The increasing pressure on Binance has already sent tremors through the crypto market. The exchange’s U.S. operation recently lost a major banking partner, Signature Bank, when the embattled lender went out of business last month. Binance also lost its outside auditing firm, Mazars, last year after the company said it was pausing work for crypto clients. (The spokesman said Binance had engaged new audit firms but declined to identify them.)
Some of Binance’s customers appear spooked. Over seven days in late March, more than $2 billion in cryptocurrencies built on the popular Ethereum network was withdrawn from the exchange, according to the crypto data tracker Nansen. So far this month, nearly $1 billion has left the platform. Binance still sits on an estimated $66.5 billion in customer holdings, Nansen says.
The C.F.T.C. lawsuit provided a wake-up call about the severity of Binance’s legal situation. The complaint, citing internal texts and emails, argued that the company had allowed criminals to launder funds. Some customers could bypass critical background checks, the complaint said, using loopholes left in place to preserve the exchange’s profits. Privately, Binance employees joked about terrorists moving money on the platform and acknowledged that the company “facilitated potentially illegal activities,” the C.F.T.C. said in its complaint.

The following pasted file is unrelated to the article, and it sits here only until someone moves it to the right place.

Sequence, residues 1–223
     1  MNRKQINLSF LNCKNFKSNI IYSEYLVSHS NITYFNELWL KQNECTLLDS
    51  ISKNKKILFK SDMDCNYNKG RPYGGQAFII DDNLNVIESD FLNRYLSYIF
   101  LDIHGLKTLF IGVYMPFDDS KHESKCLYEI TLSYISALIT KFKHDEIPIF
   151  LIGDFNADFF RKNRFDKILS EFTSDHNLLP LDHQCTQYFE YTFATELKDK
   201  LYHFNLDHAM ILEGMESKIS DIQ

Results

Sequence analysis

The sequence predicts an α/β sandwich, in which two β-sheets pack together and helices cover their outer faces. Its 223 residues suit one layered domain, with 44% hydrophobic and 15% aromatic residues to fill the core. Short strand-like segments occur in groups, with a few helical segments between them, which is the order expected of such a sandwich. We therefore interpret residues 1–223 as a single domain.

Aitan Goelman, a partner at the law firm Zuckerman Spaeder who previously served as the C.F.T.C.’s enforcement director, said the extent of the conduct described in the suit set Binance apart from its crypto peers.
“The misconduct is egregious enough that you would think the Justice Department would be interested,” Mr. Goelman said.
The Justice Department’s criminal investigation is led by its Money Laundering and Asset Recovery Section, three people familiar with the inquiry said. Those officials are working with prosecutors in the U.S. attorney’s office in Seattle, the people said, and the S.E.C. has a parallel investigation. Details of the case were previously reported by Reuters.
Binance has an array of law firms orchestrating its defense. Mr. Zhao has hired at least four Latham & Watkins lawyers, while the company has been represented by a half-dozen Gibson Dunn lawyers in its discussions with the Justice Department and U.S. regulators, according to court records and people with knowledge of the matter.